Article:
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Sidmouth: Donkey Sanctuary uncovers extent of online illegal donkey skin trade

By Will Goddard

17th May 2022 | Local News

L: A donkey awaits slaughter at the Star Brilliant abattoir in Naivasha, Kenya (The Donkey Sanctuary). R: Donkey skins being laid out in the sun to dry at a slaughterhouse in Kenya (The Donkey Sanctuary)
L: A donkey awaits slaughter at the Star Brilliant abattoir in Naivasha, Kenya (The Donkey Sanctuary). R: Donkey skins being laid out in the sun to dry at a slaughterhouse in Kenya (The Donkey Sanctuary)

The Donkey Sanctuary, an equine welfare charity with a site near Sidmouth, has uncovered methods used by organised criminals to sell donkey skins online.

It said that there are thousands of skins currently for sale on unregulated B2B (business-to-business) websites as well as well-known social media platforms. 

The findings about online sales are part of a larger report by the charity, The Global Trade in Donkey Skins: A Ticking Time Bomb, which details how organised crime is facilitating the trafficking of donkey skins to make ejiao, or donkey-hide gelatin, for traditional Chinese medicine.

Research by Saïd Business School and WildCRU identified hundreds of traders on B2B sites offering donkey hides. The Donkey Sanctuary also found 'dozens' of adverts on Facebook, Instagram and Twitter. 

One trader it found in Kenya reportedly said he had as many as 2,000 donkey skins available immediately.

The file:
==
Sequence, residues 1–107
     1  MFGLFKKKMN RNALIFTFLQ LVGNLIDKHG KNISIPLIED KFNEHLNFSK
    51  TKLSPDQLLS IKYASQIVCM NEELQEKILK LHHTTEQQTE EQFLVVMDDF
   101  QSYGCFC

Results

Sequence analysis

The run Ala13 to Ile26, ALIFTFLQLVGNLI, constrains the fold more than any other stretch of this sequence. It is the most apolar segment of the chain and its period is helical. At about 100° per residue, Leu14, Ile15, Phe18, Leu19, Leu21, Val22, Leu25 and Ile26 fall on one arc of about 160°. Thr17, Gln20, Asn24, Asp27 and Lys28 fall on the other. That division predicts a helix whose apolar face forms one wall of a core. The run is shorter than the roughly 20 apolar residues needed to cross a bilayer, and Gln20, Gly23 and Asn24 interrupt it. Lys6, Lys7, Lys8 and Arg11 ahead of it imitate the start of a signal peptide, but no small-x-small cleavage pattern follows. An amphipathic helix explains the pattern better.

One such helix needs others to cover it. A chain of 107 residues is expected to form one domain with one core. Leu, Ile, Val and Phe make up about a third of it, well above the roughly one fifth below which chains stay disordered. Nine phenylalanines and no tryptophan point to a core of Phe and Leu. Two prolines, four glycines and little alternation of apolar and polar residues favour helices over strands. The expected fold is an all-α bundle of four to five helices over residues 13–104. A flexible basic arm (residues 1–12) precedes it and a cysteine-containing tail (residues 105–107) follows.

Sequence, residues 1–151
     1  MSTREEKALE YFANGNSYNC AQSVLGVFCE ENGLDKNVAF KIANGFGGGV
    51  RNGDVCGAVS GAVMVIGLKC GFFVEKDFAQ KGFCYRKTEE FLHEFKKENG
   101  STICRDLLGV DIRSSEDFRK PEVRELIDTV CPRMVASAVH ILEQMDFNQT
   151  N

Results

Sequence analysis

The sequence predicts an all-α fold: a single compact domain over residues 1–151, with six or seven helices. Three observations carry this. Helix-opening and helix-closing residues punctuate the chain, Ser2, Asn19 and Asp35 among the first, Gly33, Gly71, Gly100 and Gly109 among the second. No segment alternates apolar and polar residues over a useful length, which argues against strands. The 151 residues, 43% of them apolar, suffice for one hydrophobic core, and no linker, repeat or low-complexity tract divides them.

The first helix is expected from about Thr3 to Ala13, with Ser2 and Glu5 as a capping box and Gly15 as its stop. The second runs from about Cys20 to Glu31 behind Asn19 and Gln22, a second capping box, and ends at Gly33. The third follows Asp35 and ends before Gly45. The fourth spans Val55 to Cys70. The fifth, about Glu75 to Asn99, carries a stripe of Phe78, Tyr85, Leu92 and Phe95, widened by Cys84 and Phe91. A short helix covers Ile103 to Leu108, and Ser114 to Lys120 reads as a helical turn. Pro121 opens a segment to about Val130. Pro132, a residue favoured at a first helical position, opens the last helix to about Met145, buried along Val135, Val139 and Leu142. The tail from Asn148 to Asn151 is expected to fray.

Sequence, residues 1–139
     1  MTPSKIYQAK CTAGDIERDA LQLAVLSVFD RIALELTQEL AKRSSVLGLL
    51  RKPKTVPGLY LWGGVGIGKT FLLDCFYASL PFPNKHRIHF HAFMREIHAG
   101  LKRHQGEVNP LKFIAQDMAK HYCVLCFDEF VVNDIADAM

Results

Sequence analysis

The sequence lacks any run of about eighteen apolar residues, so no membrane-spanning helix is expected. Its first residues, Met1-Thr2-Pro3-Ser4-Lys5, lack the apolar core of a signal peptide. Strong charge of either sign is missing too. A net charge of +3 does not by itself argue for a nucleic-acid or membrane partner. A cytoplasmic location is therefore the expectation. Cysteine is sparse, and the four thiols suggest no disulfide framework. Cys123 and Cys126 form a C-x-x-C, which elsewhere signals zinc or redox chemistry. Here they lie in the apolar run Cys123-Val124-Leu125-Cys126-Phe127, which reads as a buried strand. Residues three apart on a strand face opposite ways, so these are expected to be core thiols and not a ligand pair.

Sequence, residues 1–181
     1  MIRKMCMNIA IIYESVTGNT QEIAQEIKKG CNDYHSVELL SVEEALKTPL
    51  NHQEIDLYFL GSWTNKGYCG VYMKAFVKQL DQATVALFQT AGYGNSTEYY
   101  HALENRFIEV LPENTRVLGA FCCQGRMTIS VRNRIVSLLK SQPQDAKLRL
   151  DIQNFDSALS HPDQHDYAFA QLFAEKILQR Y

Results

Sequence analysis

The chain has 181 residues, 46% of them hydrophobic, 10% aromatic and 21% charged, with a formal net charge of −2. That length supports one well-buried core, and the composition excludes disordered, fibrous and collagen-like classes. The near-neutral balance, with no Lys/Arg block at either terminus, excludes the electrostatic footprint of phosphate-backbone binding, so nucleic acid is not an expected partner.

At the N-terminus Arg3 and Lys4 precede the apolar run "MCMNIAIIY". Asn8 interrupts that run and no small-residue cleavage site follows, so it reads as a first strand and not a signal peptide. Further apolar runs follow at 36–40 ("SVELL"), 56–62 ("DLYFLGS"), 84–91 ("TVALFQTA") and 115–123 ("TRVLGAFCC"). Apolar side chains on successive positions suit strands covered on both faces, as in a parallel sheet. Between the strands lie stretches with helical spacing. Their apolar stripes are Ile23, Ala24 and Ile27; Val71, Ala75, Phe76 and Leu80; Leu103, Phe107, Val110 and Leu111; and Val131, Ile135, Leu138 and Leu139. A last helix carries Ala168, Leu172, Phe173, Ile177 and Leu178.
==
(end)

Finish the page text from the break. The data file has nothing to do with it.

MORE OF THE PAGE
Acting CEO of The Donkey Sanctuary Marianne Steele said: "There is no doubt that the global ejiao trade is having a devastating impact on the welfare of donkeys around the world, who suffer at every point from source to slaughter.

"This new research demonstrates just how vast the online donkey skin trade has become, and how entrenched it is with criminal activity and other illegal wildlife trafficking. 

"By cracking down on the sale of donkey skins on their platforms, eCommerce and social media sites will not only prevent considerable cruelty to donkeys, but also help eliminate the other criminal activity that is taking place alongside it and support thousands of families who rely on their donkeys to survive." 

The charity is now calling on B2B and social media sites to ban the sale of donkey hides on their platforms and remove existing listings.

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